The names of the several branches developed from old martial arts show you what is considered most important, what is central in each branch:
karate using the hands (te手)
kendo (Sword-Way 剣道) using (nowadays) a bamboo sword (bokuto 木刀 Wood-Long-sword)
kyudo (Bow-Way “traditional Japanese archery” 弓道) using the bow (yumi 弓)
merging with the ki for aikido (合氣道)…
I happen to know more about the last one, which makes me more smart to some people, but obviously I appear very dumb to anybody who knows more than me about aikido.
Maybe I’m exaggerating, maybe I’m Oriental-ising (the discourse on the Oriental).
Maybe I’m Occidental-ising when I talk about the Western world and its values.
Maybe I’m Romanian-ising when I talk about the Romanians’ passion for jokes.
Of course to the people who belong to that (ethnic, cultural, racial, etc.) group and think they know more than me, to these people I appear very dumb (stating truisms).
On the other hand, for the people who are outside this group (i.e., those who are not Romanian, Westerners, Japanese, or aikido practitioners), to these people I would appear very smart.
So I’m swinging between appearing smart and trying to appear very smart…
Allow me to present you with a concrete example: the slogan.
When we explain (to a Japanese audience) a semantically-loaded concept like “slogan” which is well established in English but has also been borrowed into Japanese (suro-gan), we have to explain that the English “slogan” is rather negative.
Why is it associated with BAD? Because we (in the West) think of slogans as being propaganda-related (e.g., the slogans of the Communist Party).
There is a political background to slogans and their political background is not cute.
We also have advertising slogans: those catchy phrases from the commercials which you can’t remove from your head.
Why are they perceived negatively in English, but not in Japanese? Even towards advertising slogans, you (=the Westerner) would feel quite defensive because they’re taking away your freedom.
Freedom is (of course) a huge value in Anglo culture.
A high-level Anglo cultural script connected with “personal autonomy”
people think like this:
when a person does something, it is good if this person can think about it like this:
“I am doing this because I want to do it” (Goddard 2006: 6)
Why do the slogans take away your freedom?
Because in political terms, they take away your freedom to act as an individual.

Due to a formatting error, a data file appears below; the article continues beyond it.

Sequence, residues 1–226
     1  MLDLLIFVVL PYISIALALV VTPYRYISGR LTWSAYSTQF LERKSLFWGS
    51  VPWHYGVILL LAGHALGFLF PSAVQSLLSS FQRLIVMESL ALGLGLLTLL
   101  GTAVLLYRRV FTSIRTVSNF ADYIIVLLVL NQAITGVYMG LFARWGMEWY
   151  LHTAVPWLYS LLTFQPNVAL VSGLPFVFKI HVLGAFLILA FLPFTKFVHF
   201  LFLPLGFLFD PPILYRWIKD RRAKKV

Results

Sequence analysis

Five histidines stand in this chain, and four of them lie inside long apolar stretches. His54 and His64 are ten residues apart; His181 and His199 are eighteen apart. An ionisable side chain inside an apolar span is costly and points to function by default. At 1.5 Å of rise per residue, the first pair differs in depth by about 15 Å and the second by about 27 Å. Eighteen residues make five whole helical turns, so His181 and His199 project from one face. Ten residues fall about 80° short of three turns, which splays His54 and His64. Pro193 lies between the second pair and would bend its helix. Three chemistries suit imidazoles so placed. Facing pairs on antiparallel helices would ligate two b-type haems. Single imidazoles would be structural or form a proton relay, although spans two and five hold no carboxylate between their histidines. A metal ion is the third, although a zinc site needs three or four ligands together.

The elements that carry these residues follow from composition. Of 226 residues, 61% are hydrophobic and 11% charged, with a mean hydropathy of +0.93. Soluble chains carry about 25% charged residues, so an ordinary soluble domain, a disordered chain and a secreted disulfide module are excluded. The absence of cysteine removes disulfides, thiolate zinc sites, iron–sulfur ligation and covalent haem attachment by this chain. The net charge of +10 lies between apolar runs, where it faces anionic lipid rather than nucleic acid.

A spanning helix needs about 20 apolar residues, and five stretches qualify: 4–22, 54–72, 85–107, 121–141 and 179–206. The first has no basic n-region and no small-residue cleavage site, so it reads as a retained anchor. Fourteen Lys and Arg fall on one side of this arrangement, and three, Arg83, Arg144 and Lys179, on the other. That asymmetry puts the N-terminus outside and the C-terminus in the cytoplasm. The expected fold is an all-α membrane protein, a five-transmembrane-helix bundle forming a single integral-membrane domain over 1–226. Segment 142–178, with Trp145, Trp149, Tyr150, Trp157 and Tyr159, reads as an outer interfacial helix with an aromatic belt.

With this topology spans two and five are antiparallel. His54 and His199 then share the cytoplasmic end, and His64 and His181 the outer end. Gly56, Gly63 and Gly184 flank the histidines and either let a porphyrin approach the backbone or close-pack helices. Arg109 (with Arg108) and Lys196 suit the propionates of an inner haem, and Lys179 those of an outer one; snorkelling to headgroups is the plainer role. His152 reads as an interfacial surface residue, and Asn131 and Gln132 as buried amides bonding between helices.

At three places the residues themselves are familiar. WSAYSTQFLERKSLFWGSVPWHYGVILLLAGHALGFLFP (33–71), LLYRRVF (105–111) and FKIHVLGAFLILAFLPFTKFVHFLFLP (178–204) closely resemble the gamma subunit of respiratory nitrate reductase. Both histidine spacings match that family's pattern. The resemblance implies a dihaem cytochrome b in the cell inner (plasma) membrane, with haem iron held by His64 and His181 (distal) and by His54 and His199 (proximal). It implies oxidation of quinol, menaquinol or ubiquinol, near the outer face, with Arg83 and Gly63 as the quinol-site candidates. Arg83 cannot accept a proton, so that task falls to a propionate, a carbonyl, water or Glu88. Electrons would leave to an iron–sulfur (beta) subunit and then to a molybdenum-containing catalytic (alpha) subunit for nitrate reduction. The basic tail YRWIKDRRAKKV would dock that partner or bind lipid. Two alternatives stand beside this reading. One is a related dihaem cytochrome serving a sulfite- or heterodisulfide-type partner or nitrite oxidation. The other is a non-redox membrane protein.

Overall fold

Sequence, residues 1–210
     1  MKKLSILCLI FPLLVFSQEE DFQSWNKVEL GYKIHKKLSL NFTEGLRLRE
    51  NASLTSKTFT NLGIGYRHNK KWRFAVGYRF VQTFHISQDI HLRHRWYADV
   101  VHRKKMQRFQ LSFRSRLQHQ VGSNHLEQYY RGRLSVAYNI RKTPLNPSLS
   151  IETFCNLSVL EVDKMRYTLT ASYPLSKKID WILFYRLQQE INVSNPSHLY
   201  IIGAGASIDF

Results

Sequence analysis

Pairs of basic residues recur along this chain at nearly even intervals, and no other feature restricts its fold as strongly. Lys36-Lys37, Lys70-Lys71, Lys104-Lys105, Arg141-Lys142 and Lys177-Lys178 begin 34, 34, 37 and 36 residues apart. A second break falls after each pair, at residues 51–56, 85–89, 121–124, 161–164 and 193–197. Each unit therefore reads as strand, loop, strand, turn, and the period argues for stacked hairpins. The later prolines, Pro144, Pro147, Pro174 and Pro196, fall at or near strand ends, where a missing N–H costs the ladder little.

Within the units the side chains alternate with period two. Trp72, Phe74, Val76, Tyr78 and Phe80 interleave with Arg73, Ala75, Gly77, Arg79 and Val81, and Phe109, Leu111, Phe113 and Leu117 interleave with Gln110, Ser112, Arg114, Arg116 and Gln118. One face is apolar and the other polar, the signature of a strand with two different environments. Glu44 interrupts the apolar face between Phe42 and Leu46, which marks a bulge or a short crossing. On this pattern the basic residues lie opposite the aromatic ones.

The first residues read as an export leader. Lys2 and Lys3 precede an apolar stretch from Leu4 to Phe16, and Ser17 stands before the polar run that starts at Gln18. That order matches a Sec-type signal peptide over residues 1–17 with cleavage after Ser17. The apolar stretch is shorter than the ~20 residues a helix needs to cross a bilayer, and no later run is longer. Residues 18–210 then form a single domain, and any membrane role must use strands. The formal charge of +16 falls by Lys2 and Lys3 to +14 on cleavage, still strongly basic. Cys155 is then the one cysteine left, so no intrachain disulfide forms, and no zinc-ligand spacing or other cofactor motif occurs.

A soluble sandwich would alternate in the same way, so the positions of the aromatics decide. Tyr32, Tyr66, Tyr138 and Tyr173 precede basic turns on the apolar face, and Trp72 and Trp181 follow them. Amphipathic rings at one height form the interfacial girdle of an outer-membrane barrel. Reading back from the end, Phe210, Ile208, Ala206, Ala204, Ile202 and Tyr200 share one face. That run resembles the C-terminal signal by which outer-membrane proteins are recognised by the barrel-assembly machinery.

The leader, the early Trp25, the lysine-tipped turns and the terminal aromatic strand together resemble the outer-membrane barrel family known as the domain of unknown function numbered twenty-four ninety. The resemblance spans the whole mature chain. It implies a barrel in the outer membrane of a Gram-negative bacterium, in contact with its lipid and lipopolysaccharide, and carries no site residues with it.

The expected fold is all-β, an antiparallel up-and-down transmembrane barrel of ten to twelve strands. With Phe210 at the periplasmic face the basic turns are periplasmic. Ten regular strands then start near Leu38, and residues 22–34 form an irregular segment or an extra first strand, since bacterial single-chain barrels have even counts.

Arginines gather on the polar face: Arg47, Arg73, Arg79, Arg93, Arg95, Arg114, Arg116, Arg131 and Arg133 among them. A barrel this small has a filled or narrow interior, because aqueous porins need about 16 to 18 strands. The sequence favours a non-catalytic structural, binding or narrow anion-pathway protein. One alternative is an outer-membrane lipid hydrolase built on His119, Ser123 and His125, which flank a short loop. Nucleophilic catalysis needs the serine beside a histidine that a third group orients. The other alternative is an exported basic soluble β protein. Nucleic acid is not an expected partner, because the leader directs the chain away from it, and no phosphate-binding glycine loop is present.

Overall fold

The crowd chanted slogans: ” Dear leader, dear leader, wise, kind and blessed by the rainbow”
Similarly, advertising slogans take away your economic freedom by somehow controlling your wants, your desires.
What do we have in Japan? In Japan we have safety slogans.
“Pointing with the Finger and Calling out loud” (yubi-sashi kosho指差呼称)
Calling out loud what? “Safety First”, for example (anzen dai-ichi 安全第一).
If you have seen a construction site operated by a Japanese company, you probably saw it written. It’s that common.
It’s a slogan about which everybody in Japan thinks “safety first, perfectly okay”.
It doesn’t have a negative connotation, as it does in English, obviously.
Now it appears that I know more about the Japanese language, if you’re not Japanese.
On the other hand, if you’re Japanese, you might say “okay, I didn’t think about it like that” because now you’ve seen the light shining from “slogan” in English, which is the original coinage, and about whose semantic valencies you haven’t been aware until now.
What if you’re Romanian? Well, same as the Westerners, right? You’re probably thinking
“Why does he have to explain, isn’t it obvious? And what’s with the Japanese?
Aren’t they brainwashed into behaving like robots?
Why is everybody repeating (bleating like sheep) the safety slogans?”
For a Romanian it is very hard to grasp these positive connotations, because it does feel like a form of mind control.
Romanians (and many Westerners) do not realise that it is a form of mind training (brain self-conditioning), which is something you do voluntarily.
Why? Because you’re just trying to get your brain (and your body, 心身統一 shinshin-toitsu Mind-Body-Into-One) to react properly (quickly and automatically) in certain situations.
Let’s say that you’re about to press a button which will lower a 20-tonne stamping die onto a sheet of metal which is sitting on another 20-tonne die.
Is everything as it should be, is everything set up correctly?
Or is it possible that there will be a problem at the time of impact between the upper die and the bottom die which is meant to shape that sheet of metal into a car-body part (a fender, a door etc.)?